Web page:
While Sharon and I were working our way through the Oscar nominated films, we must have seen a trailer for the movie Dunkirk at least a half a dozen times. While I was reading No Ordinary Time, there was a fairly long section that talked about Dunkirk and Churchill's speech afterwards. Sleeping late, Sharon and I went down to get breakfast at the Residence Inn. As we walked into the dining room, the thought that popped into my head was "My God, it is the beaches of Dunkirk." There were people everywhere with dirty dishes scattered across many of the tables and long lines at most of the food stations. It was chaos.
The plan for the day was to hit a couple of museums. Jack is considering a minor in Art History. With a quick stop at St. Patrick Cathedral, we walked to the MoMA. Over the years, I have probably been to the MoMA at least half a dozen times. Nevertheless, I always enjoy the fifth floor gallery; Starry Night has always been one of my favorite paintings. Jack was disappointed that the fourth floor collection was closed. In an odd twist, a member ended up buying our tickets. As a result, we were able to tour a members only collection titled "Women Artists and Postwar Abstraction."
From the MoMA, we caught a cab to the Guggenheim Museum. Sharon and I had only been to the New York Guggenheim once in June of 1998. It seems to me that some of the building was closed when we there before. We had a forty plus minute wait to get into the museum. It was worth it. I really enjoyed this museum; it is a nice collection and a very interesting building.
Exiting the Guggenheim, we walked east towards the Upper Eastside to find a place to get a snack. We stopped at Ristorante Morini for some Carciofi (crispy artichokes, lemon) and Burrata (soft cow's milk cheese, olivada). Although we had been using cabs, I called for an Uber to take us back to the hotel.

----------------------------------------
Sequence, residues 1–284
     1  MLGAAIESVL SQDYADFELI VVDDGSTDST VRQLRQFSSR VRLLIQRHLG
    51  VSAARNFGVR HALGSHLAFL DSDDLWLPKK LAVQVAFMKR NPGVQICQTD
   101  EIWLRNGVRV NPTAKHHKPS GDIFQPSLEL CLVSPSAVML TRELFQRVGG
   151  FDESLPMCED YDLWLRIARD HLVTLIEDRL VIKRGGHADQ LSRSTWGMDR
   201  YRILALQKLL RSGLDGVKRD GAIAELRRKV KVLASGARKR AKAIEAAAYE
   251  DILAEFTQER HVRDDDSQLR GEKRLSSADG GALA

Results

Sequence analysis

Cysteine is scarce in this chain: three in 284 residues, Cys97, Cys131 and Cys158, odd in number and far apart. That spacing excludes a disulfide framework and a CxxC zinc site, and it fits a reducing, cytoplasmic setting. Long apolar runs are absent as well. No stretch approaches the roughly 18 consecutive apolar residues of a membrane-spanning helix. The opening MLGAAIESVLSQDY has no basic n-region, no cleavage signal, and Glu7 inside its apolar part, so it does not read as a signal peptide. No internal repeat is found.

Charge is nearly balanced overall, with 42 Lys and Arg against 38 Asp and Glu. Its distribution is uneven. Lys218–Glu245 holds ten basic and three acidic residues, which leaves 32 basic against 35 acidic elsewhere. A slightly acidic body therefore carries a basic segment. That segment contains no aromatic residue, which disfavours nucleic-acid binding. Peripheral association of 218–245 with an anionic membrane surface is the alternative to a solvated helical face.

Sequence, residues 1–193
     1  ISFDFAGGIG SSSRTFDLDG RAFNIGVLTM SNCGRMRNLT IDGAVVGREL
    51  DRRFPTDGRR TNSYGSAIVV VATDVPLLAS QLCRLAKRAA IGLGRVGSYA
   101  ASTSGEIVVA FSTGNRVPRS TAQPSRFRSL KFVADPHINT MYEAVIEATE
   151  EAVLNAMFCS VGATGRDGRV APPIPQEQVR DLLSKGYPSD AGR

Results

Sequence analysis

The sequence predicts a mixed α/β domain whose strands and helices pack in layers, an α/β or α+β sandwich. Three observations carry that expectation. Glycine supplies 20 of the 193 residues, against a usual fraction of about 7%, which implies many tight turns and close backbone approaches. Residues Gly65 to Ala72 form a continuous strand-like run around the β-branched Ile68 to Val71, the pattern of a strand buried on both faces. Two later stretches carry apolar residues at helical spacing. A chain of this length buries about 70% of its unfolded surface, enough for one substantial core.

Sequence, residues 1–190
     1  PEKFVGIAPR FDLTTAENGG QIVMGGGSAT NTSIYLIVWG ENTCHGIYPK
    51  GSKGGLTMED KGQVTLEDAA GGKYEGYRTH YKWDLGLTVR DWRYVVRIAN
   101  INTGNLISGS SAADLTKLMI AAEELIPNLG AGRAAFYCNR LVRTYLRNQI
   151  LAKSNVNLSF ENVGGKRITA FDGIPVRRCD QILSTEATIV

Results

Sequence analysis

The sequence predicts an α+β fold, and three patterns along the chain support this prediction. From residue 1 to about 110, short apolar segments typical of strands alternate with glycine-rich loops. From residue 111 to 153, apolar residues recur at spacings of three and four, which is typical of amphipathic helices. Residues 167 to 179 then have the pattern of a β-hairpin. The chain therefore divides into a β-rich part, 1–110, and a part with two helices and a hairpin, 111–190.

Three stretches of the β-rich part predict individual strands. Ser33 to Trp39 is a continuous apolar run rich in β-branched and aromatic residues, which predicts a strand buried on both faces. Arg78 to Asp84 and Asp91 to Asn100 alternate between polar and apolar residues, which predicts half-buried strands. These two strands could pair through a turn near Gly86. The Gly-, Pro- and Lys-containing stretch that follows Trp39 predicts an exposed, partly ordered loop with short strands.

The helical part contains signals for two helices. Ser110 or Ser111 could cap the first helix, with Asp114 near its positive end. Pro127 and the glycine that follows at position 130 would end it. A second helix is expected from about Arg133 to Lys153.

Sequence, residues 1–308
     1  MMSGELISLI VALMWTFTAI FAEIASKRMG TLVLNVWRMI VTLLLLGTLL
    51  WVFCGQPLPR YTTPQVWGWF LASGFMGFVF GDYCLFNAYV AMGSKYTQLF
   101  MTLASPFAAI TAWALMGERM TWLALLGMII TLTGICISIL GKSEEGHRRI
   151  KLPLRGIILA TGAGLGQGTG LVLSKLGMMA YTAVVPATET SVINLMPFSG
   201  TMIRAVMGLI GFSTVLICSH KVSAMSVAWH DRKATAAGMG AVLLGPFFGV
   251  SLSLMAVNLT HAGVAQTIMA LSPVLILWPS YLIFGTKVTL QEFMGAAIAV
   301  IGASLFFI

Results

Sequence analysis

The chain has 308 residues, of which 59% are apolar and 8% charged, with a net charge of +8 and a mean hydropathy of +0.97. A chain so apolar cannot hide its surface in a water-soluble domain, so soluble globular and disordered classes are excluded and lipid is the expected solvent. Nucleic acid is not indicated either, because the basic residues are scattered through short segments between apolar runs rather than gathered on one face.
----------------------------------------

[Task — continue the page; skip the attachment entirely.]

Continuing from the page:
While Sharon and Jack lounged in the room, I went for a walk about. I trucked about 2.5 miles to Madison Square Park and back. Ever since I read the Chester Allan Arthur biography, I have wanted to find his statue in New York City. I believe that it is the only tribute to him.
Back at the room, I got cleaned up. We had dinner across the street from the hotel at Avra Estiatorio. This is a Greek restaurant that specializes in seafood. After some oysters and stuffed calamari, Sharon had bronzoni, I had swordfish and Jack had Youvetsi (Shrimp, scallops, clams and mussels in tomato and herbs with orzo and feta cheese). We had a very nice bottle of Kosta Brown Pinot Noir.
From there, we caught an Uber to the Hudson Theater. Sharon and I had debated for a long time which Broadway play to see. With Jack's interest in art, we settled on Sunday in the Park with George. The play is a musical with music and lyrics by Stephen Sondheim and book by James Lapine. It is limited-run revival starring Jake Gyllenhaal as George and Annaleigh Ashford as Dot/Marie. It opened February 13 and is only scheduled to run until April 23. The original Boardway production opened in 1984. It tells the story of Georges Seurat painting A Sunday Afternoon on the Island of La Grande Jatte.
Both Sharon and I were lukewarm on the show. I am not going to run out and buy the soundtrack. Reading about the history of the play afterwards and realizing it was a limited run revival, I felt more fondly about the production...
Much to Sharon's chagrin, we walked back to the hotel from the theater. Jack and I finished the night watching game 2 of the San Jose Sharks versus Edmonton Oils NHL playoff game.